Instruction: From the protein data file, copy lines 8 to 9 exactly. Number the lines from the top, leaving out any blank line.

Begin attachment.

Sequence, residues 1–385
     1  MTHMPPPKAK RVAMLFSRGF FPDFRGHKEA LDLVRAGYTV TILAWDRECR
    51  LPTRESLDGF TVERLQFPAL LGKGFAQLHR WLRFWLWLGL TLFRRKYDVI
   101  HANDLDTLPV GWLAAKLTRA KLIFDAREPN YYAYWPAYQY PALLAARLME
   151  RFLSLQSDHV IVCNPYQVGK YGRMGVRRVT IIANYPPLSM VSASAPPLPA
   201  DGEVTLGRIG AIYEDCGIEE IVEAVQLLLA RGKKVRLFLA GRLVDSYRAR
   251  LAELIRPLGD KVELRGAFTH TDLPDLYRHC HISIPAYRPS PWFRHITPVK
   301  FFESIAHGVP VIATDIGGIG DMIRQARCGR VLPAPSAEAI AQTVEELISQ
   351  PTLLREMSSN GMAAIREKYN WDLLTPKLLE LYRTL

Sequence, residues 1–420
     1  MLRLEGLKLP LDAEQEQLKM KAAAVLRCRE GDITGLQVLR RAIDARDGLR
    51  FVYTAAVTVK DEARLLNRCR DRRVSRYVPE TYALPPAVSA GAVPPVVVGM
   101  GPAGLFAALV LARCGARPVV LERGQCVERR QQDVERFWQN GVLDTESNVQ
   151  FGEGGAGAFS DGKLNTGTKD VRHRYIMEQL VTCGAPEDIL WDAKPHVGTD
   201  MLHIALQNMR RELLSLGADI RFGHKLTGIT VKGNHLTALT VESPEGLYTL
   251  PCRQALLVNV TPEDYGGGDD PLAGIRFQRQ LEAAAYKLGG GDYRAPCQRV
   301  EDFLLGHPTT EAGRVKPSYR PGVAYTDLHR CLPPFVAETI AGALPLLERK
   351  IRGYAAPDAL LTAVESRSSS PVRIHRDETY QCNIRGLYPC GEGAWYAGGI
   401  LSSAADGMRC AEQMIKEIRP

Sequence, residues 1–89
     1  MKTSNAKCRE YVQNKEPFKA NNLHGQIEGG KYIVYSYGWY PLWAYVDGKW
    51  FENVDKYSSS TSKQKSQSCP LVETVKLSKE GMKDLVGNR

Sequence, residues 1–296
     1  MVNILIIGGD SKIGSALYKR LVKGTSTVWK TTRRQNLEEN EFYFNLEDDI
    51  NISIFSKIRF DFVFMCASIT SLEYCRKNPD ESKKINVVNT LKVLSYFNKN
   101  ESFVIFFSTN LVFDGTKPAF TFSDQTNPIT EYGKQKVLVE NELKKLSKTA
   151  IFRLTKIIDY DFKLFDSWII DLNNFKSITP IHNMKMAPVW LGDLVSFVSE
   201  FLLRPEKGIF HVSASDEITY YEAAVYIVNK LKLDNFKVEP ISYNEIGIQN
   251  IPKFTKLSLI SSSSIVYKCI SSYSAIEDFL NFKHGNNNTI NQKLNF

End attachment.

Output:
   301  FFESIAHGVP VIATDIGGIG DMIRQARCGR VLPAPSAEAI AQTVEELISQ
   351  PTLLREMSSN GMAAIREKYN WDLLTPKLLE LYRTL